If you are asking this question, you probably have an early stage Customer Experience Program (CEP or CXP) in place, or are thinking about it. Or if you are a market leader, you probably have a CX team in place and asking, albeit discreetly, whether you need to continue to keep it separate. There are good reasons why this question comes up almost at every company that embarks on the CX transformation journey.
A CXP is a strategic intervention. It takes time to implement and to show the direct impact of these measures, especially when there is shareholder pressure on financial performance which translates to all round pressure on budgets. In this post we are going to examine the most popular argument for and against having a separate CX team.
Against creating a separate CX team: No need for a separate CX team. We’re already measuring CSAT; let us task the same team to look at CX too.
At its core, this argument is based on two very valid points.
The first is that CX is mostly about measuring NPS (or a similar metric), correlating with other metrics and taking action(s) to improve those metrics; that the processes, tools and techniques are already mature in an existing part of the organization (Customer Service); and we can leverage this knowledge and capability.
The second is that when started this way, you can actually get some work done in a small way – perhaps some pilots – before you go upstairs and ask for bigger budgets. This early work could provide some proof points on the need for ROI, which makes budget approvals somewhat easier.
In short, if you can answer “Yes” to “Do we have a strong Customer Satisfaction measurement and improvement program with a dedicated team?”, then you should just leverage the capabilities and successes of the existing team. A good way to start when you have decided on this course of action is to:
- Take a find-and-fix target first. Choose an area of visible impact in a short time interval (2-3 months is probably just right; perhaps not more than 6 months). If you succeed in making a difference, the results should be easy to see, relate to your efforts and if possible, quantifiable in the sense of ROI.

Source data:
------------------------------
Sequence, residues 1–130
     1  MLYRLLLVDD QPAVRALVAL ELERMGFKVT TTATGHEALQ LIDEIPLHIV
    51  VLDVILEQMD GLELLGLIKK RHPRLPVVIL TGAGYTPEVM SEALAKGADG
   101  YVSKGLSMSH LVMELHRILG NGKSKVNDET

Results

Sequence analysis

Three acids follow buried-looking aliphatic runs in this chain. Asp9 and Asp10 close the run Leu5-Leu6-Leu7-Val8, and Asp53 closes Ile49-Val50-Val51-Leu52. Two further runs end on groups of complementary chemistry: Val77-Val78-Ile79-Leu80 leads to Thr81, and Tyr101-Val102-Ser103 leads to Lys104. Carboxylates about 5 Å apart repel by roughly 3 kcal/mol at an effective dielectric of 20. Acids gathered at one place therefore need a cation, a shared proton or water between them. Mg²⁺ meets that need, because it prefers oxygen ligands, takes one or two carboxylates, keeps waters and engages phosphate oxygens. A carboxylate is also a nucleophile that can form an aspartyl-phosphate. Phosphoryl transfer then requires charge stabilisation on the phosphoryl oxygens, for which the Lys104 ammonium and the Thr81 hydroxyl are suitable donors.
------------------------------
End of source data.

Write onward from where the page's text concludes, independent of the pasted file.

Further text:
- Add a few CX-related questions and metrics (focused on your selected target area from step 1 above) to ongoing efforts. Collect some data, and form some baseline metrics.
- Design your interventions and keep collecting the data from step 2 above.
- Depending on the nature of your business, there will be some lag between your interventions and their visible impact on your metrics. Factor that in, and apply any course corrections until you’re satisfied you have enough data to demand a bigger budget.
For creating a separate CX team
If CX is an organization wide effort, how can one small team get it done?
While we are still in the early stages of CX adoption, companies that have a separate CX team in place have no doubt that CX is a strategic goal that needs alignment and effort from the whole organization. They have envisaged two important functions that a dedicated CX team performs. These functions are critical to the program’s sustainability and success.
- CX Professionals bring in much needed expertise, tools, techniques relevant to current state of practice of CX. Without this, your CX effort is likely to be based on common sense and assumptions around how customer orientation and customer satisfaction closely correlate to CX.
- The importance of metrics – their measurement, analysis and reporting – in CX cannot be over emphasized. While NPS is important, by itself NPS doesn’t give any actionable insights of how you might improve your CX. Only an independent CX Team would be able to provide unbiased metrics reporting and action recommendations.
One implementation pitfall you may want to avoid at any cost?
Often CX metrics help isolate issues to the performance of a particular department or team. Therefore, it is not at all uncommon for most functions to resist CX data collection. If you want to embed CX practices into the entire organization, delinking it from individual or team performances, and stopping it at the department level might be the way to proceed.
Bringing it all to a useful conclusion
Most often you would want a separate – nay, an independent – CX Team reporting into your C-suite. There are only two situations when you might take the other route and load the responsibility of CX on to an existing team.
- When you are just getting started and would rather take a few small steps first to test the waters and gather some evidence to support your ROI claims. This is clearly a temporary situation just to get started. This should lead to a CX Team creation sooner than later.
- When you have a strong Customer Satisfaction Improvement program with a dedicated team and extending their function is a lower-barrier path than creating a separate team.
While a separate AND independent CX Team reporting into your C-suite has a considerable positive impact, lack of a separate team may not even make it to the top THREE risks to your CX program. And they are – lack of management buy-in, not linking CX goals with department performance, and inability to create the right culture and environment at your workplace. (Read our earlier blog on this!)
So there it is – pro and con of having a separate CX team. Do you have other valid and strong pros and cons based on your CX program implementation at your business? Let’s get the discussion going.